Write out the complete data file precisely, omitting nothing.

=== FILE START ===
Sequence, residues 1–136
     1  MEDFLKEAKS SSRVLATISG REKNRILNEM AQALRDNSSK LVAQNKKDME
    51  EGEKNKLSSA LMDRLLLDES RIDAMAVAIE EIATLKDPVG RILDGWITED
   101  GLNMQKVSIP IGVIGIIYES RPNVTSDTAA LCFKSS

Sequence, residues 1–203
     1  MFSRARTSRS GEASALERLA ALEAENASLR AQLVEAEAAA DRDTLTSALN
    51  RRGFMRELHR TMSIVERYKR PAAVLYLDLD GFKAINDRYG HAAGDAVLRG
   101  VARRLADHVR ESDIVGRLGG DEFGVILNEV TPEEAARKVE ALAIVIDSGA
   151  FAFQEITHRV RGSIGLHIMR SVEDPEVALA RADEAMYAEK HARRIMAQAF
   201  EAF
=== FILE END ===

Sequence, residues 1–136
     1  MEDFLKEAKS SSRVLATISG REKNRILNEM AQALRDNSSK LVAQNKKDME
    51  EGEKNKLSSA LMDRLLLDES RIDAMAVAIE EIATLKDPVG RILDGWITED
   101  GLNMQKVSIP IGVIGIIYES RPNVTSDTAA LCFKSS

Sequence, residues 1–203
     1  MFSRARTSRS GEASALERLA ALEAENASLR AQLVEAEAAA DRDTLTSALN
    51  RRGFMRELHR TMSIVERYKR PAAVLYLDLD GFKAINDRYG HAAGDAVLRG
   101  VARRLADHVR ESDIVGRLGG DEFGVILNEV TPEEAARKVE ALAIVIDSGA
   151  FAFQEITHRV RGSIGLHIMR SVEDPEVALA RADEAMYAEK HARRIMAQAF
   201  EAF